As a blogger, I have to spill a lot of internet ink almost every day. Most of the time I write, I’m writing in retrospect; I’m analyzing some situation that’s already happened or some numbers that are indicative of past events. Naturally, a lot of predictions flow from this. If I notice a certain trend, I try to take a guess at what future performance will be. Sometimes I’m right and sometimes (probably more often than I think), I’m wrong. There are a few “narratives” that I definitely got wrong this year, so I thought I’d own up to them now.
First off is something that I’d been saying for a long time. I thought there was no chance that both Brandon Laird and Austin Romine would be in the organization this long. The way I saw it, at least one of them would be gone via trade, and likely both of them. Hell, I was shocked that the Yankees didn’t flip Laird in the offseason after his strong showing in 2010. But, here they are. Romine, who wasn’t even on the 40 man roster coming into the year, has started two games at catcher already and Laird has had a handful of PAs. Perhaps they’re still around because the next two guys are still around.
Remember what we all thought at the beginning of the year when it became evident that both Freddy Garcia and Bartolo Colon would be in the rotation for a long time? We figured it would be okay for the time being, just let the club ride them until the ran out of gas and the Yankees could trade for a starter at the deadline. So as it turns out, neither one of those things happened. Not including yesterday’s start by Freddy Garcia, he and Colon have combined for 292 innings and 5.0 fWAR/5.3 bWAR. That’s about 100 more innings and 2.0 more WAR than I would’ve dreamed at the beginning of the season. Because of that performance, the Yankees didn’t need to go out and grab a pitcher at the trade deadline. For all our hand-wringing about whom the Yankees could acquire, from Chris Carpenter to the guys on the White Sox to Ubaldo Jimenez, none of it happened and the Yankees are ending the season with a rotation that looks just like the one they started with.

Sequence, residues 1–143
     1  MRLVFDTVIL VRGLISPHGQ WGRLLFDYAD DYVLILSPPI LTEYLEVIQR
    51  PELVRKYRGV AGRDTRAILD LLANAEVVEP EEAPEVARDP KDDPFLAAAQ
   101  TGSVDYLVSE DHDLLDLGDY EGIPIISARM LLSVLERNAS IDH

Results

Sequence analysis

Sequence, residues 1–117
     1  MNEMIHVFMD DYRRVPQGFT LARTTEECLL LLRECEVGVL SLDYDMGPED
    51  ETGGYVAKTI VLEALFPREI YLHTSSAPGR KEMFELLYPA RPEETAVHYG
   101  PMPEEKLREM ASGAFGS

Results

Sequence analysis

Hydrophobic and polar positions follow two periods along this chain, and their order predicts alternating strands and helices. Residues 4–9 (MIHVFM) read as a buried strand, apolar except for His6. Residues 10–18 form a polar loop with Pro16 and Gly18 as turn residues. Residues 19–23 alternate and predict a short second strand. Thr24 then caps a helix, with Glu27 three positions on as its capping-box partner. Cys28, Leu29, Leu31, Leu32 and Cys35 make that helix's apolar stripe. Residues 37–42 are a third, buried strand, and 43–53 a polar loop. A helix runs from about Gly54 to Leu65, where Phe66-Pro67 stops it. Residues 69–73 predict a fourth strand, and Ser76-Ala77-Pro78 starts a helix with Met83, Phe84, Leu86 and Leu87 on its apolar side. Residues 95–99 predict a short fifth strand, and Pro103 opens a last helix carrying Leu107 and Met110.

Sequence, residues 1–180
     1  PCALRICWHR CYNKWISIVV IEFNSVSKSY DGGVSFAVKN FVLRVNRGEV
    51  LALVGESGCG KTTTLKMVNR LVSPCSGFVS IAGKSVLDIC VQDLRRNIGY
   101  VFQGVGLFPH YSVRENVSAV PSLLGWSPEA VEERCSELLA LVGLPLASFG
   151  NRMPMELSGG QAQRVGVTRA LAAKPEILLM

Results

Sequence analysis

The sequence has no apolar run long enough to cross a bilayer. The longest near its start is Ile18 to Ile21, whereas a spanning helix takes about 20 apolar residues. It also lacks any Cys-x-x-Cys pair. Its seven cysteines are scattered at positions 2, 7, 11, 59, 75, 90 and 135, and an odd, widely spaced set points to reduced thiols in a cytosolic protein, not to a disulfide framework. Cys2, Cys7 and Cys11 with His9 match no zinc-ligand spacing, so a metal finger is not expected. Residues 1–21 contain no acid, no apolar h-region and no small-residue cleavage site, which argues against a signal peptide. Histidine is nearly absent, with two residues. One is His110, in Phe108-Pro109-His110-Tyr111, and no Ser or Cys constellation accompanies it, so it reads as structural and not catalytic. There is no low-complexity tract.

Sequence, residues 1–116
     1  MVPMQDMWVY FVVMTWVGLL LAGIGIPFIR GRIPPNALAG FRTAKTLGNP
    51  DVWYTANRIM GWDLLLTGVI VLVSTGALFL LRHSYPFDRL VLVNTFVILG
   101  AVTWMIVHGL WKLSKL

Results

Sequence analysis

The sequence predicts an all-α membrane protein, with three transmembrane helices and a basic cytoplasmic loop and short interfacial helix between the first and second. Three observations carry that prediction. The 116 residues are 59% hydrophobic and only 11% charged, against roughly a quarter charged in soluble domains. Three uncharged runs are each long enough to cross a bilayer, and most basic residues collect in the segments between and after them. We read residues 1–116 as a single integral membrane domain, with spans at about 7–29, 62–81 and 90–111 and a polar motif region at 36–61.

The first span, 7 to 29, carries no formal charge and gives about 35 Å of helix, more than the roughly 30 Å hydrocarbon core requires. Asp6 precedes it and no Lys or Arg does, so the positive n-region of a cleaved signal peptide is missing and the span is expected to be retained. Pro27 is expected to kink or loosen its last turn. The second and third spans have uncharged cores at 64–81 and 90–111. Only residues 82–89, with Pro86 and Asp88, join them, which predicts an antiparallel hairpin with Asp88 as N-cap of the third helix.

Then there was the Jesus Montero plan. Like many of you, I thought that the Yankees would, like Garcia and Colon, ride catcher Russell Martin as hard as they could and then, around mid-season, bring up Montero to help shoulder the load with catching. Luckily for the Yankees, though, Martin proved to be a valuable asset behind the plate and started the season hot at the plate. Montero didn’t quite light it up in his second go ’round at Scranton until later in the season, and that could have contributed to the delay of his promotion.
At the beginning of the year, trading Romine and/or Laird seemed like a sure thing. Colon and Garcia breaking down was a guarantee and of course the Yankees were going to trade for a starter and promote Jesus Montero mid-season….and none of those things happened. Well, Suzyn, you know what they say about baseball…